I get the feeling there's a trap ahead... but my camel will soon deal with that!

Tools of the trade

Throughout the game you swap your trusty blaster for the likes of machine guns, shotguns, flamethrowers, rocket launchers, even a peculiar remote controlled bomb toy (rather like the sheep from Worms) and a laser gun, which carves up enemies like a lightsaber. Supplementing your arsenal besides are a number of pilotable vehicles, and these are what give the series its notoriety, and they are an asset here for sure. From the obvious trucks and tanks to the less obvious camels with rotary guns, tanks with jump buttons and Harrier-style hover jets, the game goes a long way towards entertaining you. After screens and screens of delicate, evasive blasting with the tension building and one life left on the counter, hopping into the cockpit of something large and powerful and ploughing through the amassed bad guys is a pleasant release. A good, old fashioned gaming experience.

'Good old fashioned' is indeed the overall theme, and as such the game is an absolute bitch to play. Stupidly hard. Swarms of enemies rain down upon you and you soak them up and have to introduce them to the business end of a machine gun or whatever else you're packing. MSX features five difficulty levels, and the least of them is itself pretty difficult, although those not anxious to fight through on one life can make use of the generous number of continues.

The level design is of the highest quality not only in terms of visual impact and artistic achievement, but in terms of challenge and the way it helps to live up to the deceptively simple premise. You never once feel as though you have seen it all. By the end of the game you are still waiting to be bored by the design. It doesn't happen, and the grand finale rivals any battle witnessed in a 3D shooter. The final boss is a tenacious sonofabitch, and the battle reveals an interesting twist in the plot, matched by a comedic end sequence which at first leaves you musing 'so, are we still fighting?', before answering the question and getting a laugh.

Aliens rain down on the last level of the game


Further to the basic single player game, SNK has thrown in "Combat School", and the "Another Mission" mode as an added bonus. The latter consists of 20 fairly simple levels, each of which consists of one simple task and ten scores to beat. The first of them for example asks you to race between a series of pylons without dropping into the abyss, all the while avoiding cutlass-throwing rogues on a bridge above and bomb-throwing troopers from left and right. This wouldn't be too difficult, but you only have bombs - no primary weapons - which makes getting to the end on one life to register your score something of a challenge. Fans of the game will lap up these extras, and they definitely add to the replay value, although in itself I could play the single player game mindlessly for the next two or three years. Co-op too is unputdownable. Is that a word? It is now.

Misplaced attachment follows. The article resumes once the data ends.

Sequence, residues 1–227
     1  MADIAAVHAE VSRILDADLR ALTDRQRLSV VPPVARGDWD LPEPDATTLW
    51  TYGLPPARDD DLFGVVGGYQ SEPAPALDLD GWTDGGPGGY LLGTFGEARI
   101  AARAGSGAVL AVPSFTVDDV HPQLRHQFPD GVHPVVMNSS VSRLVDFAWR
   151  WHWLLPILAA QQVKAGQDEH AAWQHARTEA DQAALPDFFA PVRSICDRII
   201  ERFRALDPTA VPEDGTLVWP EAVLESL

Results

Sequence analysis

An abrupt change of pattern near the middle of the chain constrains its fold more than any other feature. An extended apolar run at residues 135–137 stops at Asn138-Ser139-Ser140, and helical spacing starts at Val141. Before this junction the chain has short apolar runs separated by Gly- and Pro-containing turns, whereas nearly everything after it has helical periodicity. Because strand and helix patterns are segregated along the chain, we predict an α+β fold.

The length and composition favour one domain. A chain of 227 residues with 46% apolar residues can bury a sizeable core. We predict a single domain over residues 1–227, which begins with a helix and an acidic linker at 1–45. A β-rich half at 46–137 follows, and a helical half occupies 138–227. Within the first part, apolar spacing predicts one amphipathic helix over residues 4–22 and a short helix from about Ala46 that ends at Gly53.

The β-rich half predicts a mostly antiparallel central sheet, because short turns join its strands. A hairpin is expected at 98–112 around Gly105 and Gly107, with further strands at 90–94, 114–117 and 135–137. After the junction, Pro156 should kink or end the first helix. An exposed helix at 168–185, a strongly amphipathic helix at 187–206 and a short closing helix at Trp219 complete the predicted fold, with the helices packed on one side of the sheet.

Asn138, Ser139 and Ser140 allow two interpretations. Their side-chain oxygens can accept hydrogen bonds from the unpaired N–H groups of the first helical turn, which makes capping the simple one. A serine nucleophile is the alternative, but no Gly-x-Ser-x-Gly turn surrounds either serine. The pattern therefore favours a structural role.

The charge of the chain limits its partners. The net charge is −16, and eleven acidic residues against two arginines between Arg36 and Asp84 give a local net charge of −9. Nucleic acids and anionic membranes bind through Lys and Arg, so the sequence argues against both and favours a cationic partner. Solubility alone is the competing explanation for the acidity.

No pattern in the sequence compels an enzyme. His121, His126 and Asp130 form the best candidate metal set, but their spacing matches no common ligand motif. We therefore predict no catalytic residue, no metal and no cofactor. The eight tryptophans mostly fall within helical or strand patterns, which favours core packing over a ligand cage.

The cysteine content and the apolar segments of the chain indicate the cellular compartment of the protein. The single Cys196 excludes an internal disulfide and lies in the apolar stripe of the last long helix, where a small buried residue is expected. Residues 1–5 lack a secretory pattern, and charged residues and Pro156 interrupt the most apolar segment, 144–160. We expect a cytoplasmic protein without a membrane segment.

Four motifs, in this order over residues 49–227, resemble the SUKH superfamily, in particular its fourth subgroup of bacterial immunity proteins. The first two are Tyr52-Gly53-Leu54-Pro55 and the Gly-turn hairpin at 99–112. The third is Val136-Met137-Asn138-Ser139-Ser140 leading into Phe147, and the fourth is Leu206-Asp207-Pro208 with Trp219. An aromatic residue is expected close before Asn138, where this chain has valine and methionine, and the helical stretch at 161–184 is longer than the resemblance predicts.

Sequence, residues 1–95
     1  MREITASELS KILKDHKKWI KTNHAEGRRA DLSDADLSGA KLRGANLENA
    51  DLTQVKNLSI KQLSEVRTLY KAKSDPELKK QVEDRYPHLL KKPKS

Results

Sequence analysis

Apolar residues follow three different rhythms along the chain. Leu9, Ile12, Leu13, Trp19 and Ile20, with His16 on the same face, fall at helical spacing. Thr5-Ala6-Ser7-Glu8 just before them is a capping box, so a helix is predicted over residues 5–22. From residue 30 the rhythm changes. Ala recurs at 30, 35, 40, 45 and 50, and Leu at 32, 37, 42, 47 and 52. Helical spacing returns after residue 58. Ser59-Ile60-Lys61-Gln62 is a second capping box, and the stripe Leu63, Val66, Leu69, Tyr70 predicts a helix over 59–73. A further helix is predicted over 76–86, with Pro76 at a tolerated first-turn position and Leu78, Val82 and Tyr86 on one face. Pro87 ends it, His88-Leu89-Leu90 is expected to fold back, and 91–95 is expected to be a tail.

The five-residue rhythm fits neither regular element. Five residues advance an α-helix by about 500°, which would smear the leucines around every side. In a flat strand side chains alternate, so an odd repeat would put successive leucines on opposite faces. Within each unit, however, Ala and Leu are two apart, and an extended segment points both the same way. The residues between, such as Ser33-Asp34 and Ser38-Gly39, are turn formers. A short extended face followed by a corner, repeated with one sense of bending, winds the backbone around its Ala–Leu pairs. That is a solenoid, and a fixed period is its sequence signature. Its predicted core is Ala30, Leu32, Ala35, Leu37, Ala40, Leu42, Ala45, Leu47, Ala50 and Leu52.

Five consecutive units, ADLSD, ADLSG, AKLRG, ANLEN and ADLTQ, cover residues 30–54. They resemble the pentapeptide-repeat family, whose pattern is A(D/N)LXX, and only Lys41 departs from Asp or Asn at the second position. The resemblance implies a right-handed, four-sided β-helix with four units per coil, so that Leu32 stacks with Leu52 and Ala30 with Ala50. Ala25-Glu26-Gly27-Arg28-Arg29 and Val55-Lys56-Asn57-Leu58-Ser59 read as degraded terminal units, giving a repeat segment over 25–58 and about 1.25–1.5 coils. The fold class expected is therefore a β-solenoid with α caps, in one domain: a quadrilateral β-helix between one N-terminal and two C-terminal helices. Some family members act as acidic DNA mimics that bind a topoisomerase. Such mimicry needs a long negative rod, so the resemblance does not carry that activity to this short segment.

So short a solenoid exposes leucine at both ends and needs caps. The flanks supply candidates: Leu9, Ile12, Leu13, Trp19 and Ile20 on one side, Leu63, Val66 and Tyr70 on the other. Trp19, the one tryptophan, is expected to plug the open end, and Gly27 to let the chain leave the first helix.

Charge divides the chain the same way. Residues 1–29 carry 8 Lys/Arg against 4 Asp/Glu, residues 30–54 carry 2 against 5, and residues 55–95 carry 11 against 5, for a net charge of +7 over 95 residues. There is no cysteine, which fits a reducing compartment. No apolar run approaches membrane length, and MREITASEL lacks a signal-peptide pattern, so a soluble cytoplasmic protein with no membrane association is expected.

That said, there are several chinks in the game's armour. The digitised speech has been taken directly from the Neo Geo originals, and as such falls short of the PlayStation's capabilities. It adds to the low-budget feel of the game, but it isn't great, and although the graphics never look pixellated, the game does slow down from time to time when there's a lot happening on-screen, which you would never have seen in the Neo Geo and arcade originals. Furthermore, the music is mostly forgettable, and although the Egyptian tune used on the first level is quite memorable it isn't exactly something you might play in the car on the way to work.

Metal Slug X is a fan-pleasingly simple update to the MS series, and to the rest of us it's the best game of its kind on the PlayStation. At a wallet-friendly £19.99 (and even less if you shop around), this is an excellent investment, and the co-operative multiplayer mode is a delightful inclusion. Let's just hope that it isn't the last 2D shooter we see on a Sony platform.

8 / 10

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Metal Slug X

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About the Author
Tom Bramwell avatar

Tom Bramwell


Tom worked at Eurogamer from early 2000 to late 2014, including seven years as Editor-in-Chief.